I’ve been looking at non-food related plastic items in my household too, and trying to think of ways to minimise/eliminate them. So far this week I’ve replaced toilet paper wrapped in plastic with paper-wrapped and 100% recycled toilet paper, plastic single-use feminine hygiene products with reusable ones, as well as a stainless steel straw and a reusable glass coffee cup. Given that I am pretty conscious of how poor I am, it’s going to be a slow process replacing everything, and some things, like my plastic storage Tupperware, for example, just seems more sustainable to leave alone as is rather than replacing. But so far I am really enjoying this process of reducing my footprint and my waste output as best as I can, and getting rid of unecessary plastic in my household.

Also, cake. Cake is pretty good too.

Plastic Free July: Week 1


This year I am (unofficially) participating in my first ever Plastic Free July! Unofficial as I didn’t sign up on the website or anything, just decided to do it. I feel like I’ve been environmentally conscientious for as long as I can remember, probably starting with being obsessed with Captain Planet as a kid. Wanting to help the environment steered my career choice when I decided to study Conservation Biology at university, as well as fostering my natural interest in science. 

Through every stage of my life, I’ve felt like I always did my part in helping the planet. I never littered, I recycled when and where I could, and refused disposable water bottles where it could be avoided. But as time goes on and I get older, I’ve been thinking more about living ethically, and in particular about food waste and sustainability; things like where our food comes from, how it is obtained, how it is packaged, and so on. I went from buying whatever was cheapest to buying only free range meat, and when it became apparent that free range legislation in Australia did little in the way of enforcing free range conditions, I stopped eating meat altogether. But while being vegetarian or vegan is often touted as the only way to effectively reduce problems associated with food waste and animal cruelty, it too is rife with its own set of problems. Plant-based protein sources are often packaged in ridiculous reams of plastic (as well as being sourced from overseas), which in my mind effectively negates many of the environmental benefits of  engaging in that lifestyle in the first place.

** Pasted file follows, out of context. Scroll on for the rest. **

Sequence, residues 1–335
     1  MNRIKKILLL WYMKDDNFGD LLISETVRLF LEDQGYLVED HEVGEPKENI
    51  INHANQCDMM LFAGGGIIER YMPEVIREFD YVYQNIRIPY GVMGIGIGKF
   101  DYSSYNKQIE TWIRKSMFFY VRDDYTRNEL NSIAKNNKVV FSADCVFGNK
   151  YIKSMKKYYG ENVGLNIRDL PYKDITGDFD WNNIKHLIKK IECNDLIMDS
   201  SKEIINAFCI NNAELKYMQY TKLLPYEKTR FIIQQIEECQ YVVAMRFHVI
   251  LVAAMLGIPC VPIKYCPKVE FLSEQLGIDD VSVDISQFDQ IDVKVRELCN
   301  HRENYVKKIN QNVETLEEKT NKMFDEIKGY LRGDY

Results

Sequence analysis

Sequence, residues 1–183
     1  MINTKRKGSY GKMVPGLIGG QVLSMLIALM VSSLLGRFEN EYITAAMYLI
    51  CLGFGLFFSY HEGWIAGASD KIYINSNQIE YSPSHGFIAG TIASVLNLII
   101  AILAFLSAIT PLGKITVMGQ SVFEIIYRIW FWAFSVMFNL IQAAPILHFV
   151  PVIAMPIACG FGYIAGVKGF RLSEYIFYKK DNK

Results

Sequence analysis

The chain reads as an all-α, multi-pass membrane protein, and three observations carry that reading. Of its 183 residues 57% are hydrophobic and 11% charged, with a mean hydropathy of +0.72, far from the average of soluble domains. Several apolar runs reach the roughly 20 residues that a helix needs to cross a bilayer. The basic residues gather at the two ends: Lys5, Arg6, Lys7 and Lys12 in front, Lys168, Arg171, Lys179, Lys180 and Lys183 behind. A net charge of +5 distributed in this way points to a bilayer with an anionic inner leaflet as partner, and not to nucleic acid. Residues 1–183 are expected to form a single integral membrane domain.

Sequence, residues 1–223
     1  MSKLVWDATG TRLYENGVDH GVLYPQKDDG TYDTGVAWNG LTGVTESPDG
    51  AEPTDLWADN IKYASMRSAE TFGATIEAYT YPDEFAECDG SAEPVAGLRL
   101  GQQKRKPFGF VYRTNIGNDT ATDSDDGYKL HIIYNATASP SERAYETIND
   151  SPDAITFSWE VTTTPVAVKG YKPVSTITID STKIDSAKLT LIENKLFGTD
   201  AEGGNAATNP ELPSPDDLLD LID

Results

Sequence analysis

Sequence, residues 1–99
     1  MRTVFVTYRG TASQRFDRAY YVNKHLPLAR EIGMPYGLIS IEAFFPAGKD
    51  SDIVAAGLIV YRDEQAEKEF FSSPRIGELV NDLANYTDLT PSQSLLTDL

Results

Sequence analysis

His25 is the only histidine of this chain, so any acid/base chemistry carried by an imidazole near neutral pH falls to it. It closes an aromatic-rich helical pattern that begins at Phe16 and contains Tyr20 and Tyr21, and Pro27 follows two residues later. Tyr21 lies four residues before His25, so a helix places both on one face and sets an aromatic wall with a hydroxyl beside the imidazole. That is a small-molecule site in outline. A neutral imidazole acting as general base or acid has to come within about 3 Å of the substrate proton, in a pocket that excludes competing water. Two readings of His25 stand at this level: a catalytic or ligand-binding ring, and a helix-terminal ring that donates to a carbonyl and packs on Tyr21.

So, what next? In recent months public awareness has taken a significant shift, with programs such as War on Waste highlighting issues and putting the spotlight on wasteful packaging and consumerism. Packaging and plastic has been at the tip of my consciousness for a long time, but it has always seemed too hard an issue to tackle, too many things that would have to be given up. Towards the end of June, seeing it crop up so much in social media, I finally decided to see if I could do it. 

Looking just at food, I looked at what our weekly shop consisted of, and what we could do to eliminate plastic. While I’ve been veggo for a couple years now, my partner still eats meat in a big way, so the first step was finding a butcher that would be willing to use tongs to collect meat into supplied containers. Luckily, our local butcher was very accomodating. I’ve always collected fruit and veg loose and carried in green bags, so that was no big deal. I’m lucky in that my local farmer’s market also has great options for bread and cheese, and so these were also no worry to collect in my own containers and use paper bags for. My biggest problem has been my protein, and my plant-based milk. Our household overall has a huge problem with pre-packaged snacks, particularly savoury snacks like potato chips.

Tackling my items was a bit harder. First, I had to find a bulk food store that was convenient for me, that did food loose and without packaging. I chose one that was on the way to my sister, who I was planning on visiting anyway. Then it was deciding what to get and finding jars/containers appropriate for that item. I got a few lentils and pulses in big glass jars, and a Tupperware container for almonds to make almond milk. I also got a small jar of savoury soya crisps. All good, or so I thought.